Most chinese food here is not really what they eat in China anyway. Forget fried rice. Sticky rice is best for using chopsticks.
 
Old 06-24-2019, 04:29 PM
 
Location: Somewhere in northern Alabama
17,851 posts, read 54,121,626 times
Reputation: 30310
There is a story that when forks were first introduced in western culture, some considered them "ungodly" because it was a change from eating with the hands that were given by the creator.

Stop and consider the issues that the blind have at meals. How does one know if food is actually on a spoon or fork? What is where on a plate?
 
Old 06-24-2019, 05:08 PM
 
3,961 posts, read 1,690,813 times
Reputation: 8043
Quote:
Originally Posted by JONOV View Post
I agree. Chopsticks are inefficient and don't make sense, just like American Currency is inefficient compared to international customs (ours is all green, the same size, relatively low use of coins.)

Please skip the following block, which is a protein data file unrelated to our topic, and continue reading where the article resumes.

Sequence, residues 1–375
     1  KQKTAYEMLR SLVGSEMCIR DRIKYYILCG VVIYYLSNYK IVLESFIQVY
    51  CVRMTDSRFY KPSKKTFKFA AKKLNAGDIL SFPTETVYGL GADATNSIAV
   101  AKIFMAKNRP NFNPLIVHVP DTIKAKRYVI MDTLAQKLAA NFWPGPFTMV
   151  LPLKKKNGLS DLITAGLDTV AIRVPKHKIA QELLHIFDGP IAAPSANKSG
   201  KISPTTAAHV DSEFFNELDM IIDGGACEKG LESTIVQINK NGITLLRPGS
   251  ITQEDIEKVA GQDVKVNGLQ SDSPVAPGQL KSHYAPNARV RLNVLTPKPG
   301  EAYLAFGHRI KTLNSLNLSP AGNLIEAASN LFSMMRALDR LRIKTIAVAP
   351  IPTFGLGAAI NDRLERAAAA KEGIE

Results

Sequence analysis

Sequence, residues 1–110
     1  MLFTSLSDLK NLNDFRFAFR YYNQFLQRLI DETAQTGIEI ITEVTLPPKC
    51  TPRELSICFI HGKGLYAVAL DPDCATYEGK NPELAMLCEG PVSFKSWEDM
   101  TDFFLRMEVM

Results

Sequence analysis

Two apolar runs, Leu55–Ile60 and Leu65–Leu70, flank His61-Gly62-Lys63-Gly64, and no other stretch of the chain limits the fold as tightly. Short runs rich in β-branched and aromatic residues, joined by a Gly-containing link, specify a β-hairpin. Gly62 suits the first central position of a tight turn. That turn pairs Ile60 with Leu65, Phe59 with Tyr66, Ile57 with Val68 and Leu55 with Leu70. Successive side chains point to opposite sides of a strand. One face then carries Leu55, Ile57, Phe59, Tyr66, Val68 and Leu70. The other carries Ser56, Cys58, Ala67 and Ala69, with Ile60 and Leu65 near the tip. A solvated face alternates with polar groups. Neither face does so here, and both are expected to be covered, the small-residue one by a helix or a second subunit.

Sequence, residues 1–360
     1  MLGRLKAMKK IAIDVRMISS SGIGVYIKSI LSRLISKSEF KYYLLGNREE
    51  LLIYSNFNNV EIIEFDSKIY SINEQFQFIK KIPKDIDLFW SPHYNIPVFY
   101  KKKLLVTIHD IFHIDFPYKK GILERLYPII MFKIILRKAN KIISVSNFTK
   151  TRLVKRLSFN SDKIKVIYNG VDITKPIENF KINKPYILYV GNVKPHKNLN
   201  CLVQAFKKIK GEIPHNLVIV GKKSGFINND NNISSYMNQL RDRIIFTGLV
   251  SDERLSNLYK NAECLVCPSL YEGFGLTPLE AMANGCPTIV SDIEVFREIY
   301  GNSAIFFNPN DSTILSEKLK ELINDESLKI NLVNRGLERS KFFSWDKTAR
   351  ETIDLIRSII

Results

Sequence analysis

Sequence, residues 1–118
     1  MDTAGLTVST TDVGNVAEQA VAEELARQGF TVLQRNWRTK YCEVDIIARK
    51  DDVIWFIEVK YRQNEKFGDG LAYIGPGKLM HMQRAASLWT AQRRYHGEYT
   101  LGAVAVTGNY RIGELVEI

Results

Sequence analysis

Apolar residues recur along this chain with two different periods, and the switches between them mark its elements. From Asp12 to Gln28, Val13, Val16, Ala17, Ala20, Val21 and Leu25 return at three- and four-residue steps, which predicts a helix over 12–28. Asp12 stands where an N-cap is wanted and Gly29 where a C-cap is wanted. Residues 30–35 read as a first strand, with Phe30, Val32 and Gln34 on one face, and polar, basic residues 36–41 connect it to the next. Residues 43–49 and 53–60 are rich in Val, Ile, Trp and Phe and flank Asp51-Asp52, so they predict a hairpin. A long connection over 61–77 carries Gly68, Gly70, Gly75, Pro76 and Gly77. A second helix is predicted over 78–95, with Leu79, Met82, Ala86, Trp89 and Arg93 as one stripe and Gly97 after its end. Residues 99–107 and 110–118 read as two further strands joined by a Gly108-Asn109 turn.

Regarding fork-and-knife etiquette, I was taught that "The American system doesn't make sense but we're in America and I won't have people thinking you were raised in a barn." Knife cuts with right hand, fork moves to right hand to eat.
Chopsticks arenít inefficient if you know how to use them. I find that they pick up small items better than an a fork, to be honest. Sometimes with salads there are items I cannot get with a fork but are easy to pick up with chopsticks.
 
Old 06-24-2019, 06:34 PM
 
Location: Honolulu
1,349 posts, read 544,581 times
Reputation: 1102
Quote:
Originally Posted by shadowfax View Post
Forget fried rice. Sticky rice is best for using chopsticks.
Because fried rice is usually made from the long grain Jasmine rice which is non-sticky. Sticky rice is the short grain.

In fact, even Asians vary in the way they eat rice. Chinese hold up the bowl and use chopsticks to scoop rice into their mouths. Japanese use chopsticks to pick up rice from the bowl. Koreans use spoon to eat rice.